Hiya is of course not the only “caller ID” app on the market – a quick search of the Apple App store reveals numerous other options for download – including Truecaller, Caller-ID, Sync.ME and CallHelp. In 2018, Hiya reached 50 million active users worldwide, while Truecaller’s website says it has over 130 million daily active users. Those figures of course would barely scrape the surface of the number of names and phone numbers held in their collective databases.

In case you’re wondering how much damage could really be done by a third party having access to your name and phone number – think about all of the things your number is linked to. Your Facebook, your Gmail, maybe even your bank account and credit cards. Information is power – and this is the kind of information that could easily allow hackers to wreak a reasonable amount of havoc. So before you sign-up to a new app, take the time to read the terms of service, because your use could not only be exposing your personal information, but that of your entire contact list.

China in breach of cyber-security pact

By Cameron Abbott and Wendy Mansell

It has been a fairly turbulent week in the cyber-espionage space following accusations that China’s Ministry of Security Services is behind the surge of intellectual property theft from Australian companies.

The news that the persistent attacks on Australian IP are perhaps a State sponsored campaign by the Chinese government is concerning as it suggests that China are in breach of several international and bilateral agreements.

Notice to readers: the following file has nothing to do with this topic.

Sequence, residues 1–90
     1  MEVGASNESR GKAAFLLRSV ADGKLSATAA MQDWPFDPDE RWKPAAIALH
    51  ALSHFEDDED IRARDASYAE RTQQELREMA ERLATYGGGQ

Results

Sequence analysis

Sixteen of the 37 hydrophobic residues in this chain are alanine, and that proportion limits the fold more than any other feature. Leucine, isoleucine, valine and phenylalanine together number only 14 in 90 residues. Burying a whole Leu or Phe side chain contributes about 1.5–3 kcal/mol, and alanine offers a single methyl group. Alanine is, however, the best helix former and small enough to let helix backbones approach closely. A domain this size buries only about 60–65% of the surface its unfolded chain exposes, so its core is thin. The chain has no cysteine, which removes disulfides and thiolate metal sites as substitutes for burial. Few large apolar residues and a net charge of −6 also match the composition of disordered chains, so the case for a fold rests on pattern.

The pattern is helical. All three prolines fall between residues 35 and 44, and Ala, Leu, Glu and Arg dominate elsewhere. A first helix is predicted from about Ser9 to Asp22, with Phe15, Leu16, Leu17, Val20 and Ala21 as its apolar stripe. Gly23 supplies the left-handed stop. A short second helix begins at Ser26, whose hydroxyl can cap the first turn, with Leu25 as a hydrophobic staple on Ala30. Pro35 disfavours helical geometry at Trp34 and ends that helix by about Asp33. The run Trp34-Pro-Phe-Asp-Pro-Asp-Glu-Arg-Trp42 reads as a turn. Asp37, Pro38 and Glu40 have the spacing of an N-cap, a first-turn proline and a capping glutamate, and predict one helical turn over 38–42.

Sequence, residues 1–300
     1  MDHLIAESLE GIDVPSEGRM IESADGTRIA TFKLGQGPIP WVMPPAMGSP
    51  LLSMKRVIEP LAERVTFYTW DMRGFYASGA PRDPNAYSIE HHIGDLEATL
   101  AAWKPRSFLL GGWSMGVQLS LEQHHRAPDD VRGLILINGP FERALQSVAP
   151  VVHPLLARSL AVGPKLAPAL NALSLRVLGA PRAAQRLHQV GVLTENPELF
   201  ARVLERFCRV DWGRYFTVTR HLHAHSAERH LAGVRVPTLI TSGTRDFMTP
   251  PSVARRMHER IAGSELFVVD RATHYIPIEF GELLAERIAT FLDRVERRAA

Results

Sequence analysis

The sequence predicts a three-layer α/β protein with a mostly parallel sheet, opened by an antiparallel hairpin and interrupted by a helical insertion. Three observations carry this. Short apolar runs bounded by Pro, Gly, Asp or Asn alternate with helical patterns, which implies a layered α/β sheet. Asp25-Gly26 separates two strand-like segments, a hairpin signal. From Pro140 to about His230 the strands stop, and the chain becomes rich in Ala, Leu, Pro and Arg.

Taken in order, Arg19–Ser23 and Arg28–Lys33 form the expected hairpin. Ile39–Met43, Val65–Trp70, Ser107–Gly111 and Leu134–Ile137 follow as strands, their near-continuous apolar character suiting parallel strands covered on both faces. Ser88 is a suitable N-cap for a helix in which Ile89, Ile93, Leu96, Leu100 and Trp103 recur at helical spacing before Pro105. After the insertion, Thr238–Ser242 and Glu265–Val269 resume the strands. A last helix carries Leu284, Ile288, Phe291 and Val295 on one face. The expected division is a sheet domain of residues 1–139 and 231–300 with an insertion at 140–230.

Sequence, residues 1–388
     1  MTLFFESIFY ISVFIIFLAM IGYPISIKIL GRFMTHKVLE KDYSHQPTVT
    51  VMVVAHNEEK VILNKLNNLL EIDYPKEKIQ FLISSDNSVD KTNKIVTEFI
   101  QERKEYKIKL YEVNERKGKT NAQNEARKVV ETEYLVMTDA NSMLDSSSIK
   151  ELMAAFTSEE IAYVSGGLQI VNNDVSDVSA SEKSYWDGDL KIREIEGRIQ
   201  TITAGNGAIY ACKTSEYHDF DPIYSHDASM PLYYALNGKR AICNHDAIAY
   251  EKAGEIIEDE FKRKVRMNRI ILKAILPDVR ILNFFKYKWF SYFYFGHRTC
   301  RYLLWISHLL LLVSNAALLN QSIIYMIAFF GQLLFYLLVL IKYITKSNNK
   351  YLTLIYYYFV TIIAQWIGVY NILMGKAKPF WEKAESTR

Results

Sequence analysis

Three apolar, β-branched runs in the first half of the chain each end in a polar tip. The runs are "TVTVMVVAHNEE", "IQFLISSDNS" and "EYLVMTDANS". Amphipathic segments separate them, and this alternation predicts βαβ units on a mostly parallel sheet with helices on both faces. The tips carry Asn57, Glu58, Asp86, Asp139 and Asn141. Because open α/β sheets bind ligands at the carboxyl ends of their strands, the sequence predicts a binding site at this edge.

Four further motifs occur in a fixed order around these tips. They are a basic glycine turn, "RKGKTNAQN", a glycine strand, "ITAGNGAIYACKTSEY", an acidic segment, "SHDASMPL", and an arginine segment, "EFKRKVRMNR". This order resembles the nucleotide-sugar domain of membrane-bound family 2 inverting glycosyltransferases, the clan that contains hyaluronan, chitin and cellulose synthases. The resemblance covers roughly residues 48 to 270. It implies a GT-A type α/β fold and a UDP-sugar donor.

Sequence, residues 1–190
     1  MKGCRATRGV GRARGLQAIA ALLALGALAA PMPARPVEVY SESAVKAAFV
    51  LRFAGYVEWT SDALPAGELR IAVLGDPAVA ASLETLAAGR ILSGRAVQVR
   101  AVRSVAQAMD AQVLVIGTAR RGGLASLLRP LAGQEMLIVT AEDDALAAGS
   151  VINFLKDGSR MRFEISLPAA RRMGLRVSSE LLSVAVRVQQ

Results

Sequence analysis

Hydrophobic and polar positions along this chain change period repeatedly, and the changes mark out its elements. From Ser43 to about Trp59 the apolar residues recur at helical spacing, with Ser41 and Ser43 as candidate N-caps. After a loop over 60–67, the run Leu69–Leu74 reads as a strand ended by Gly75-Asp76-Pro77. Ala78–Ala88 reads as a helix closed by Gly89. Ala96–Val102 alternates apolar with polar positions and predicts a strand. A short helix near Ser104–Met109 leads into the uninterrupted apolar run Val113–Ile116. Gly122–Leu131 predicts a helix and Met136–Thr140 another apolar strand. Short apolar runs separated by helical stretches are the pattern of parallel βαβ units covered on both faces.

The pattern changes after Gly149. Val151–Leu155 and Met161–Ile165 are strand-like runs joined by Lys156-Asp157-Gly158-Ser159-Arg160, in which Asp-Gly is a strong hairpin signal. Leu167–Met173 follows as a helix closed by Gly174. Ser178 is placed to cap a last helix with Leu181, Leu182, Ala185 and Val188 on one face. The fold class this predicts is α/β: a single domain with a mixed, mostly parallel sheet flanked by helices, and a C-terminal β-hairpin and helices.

In 2015, an agreement was made between Chinese President Xi Jinping and former President Obama, that the U.S and China would not steal intellectual property from one another for commercial gain. This was furthered at the November 2015, G20 Summit, where the cyber-theft of IP was accepted as the norm.

Following on from this in September 2017, former Prime Minister Malcolm Turnbull and Chinese Premier Li Kequiang promised that neither country would engage in cyber-theft of intellectual property and commercial secrets.

Reports of cyber-theft declined immediately after these agreements, however in recent months they have ramped up again.

A U.S Trade Representative report released this week confirms that despite any international agreements, China has continued engaging in cyber-espionage and the theft of intellectual property. Further the report states that not only is China likely to be in breach of these agreements, but the attacks have “increased in frequency and sophistication”.

Notably in July of this year, China was linked to the cyber-breach of Australian National University. This attack was particularly disturbing given that ANU is a leading university involved in key areas of Australian technological, scientific, defence and commercial research.  It is fascinating that cyber attacks and theft are a “norm” that is accepted within our overall international relationships.  Physical acts of a similar nature would not be so easily accepted.